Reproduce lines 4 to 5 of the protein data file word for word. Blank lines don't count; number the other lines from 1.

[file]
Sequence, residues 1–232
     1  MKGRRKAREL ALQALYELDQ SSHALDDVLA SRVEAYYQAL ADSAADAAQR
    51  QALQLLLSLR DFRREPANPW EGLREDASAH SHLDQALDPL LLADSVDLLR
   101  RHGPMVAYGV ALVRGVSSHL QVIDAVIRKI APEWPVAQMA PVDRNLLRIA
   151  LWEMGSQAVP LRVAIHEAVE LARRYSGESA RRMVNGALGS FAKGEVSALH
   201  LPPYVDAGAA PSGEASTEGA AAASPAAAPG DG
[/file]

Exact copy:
   101  RHGPMVAYGV ALVRGVSSHL QVIDAVIRKI APEWPVAQMA PVDRNLLRIA
   151  LWEMGSQAVP LRVAIHEAVE LARRYSGESA RRMVNGALGS FAKGEVSALH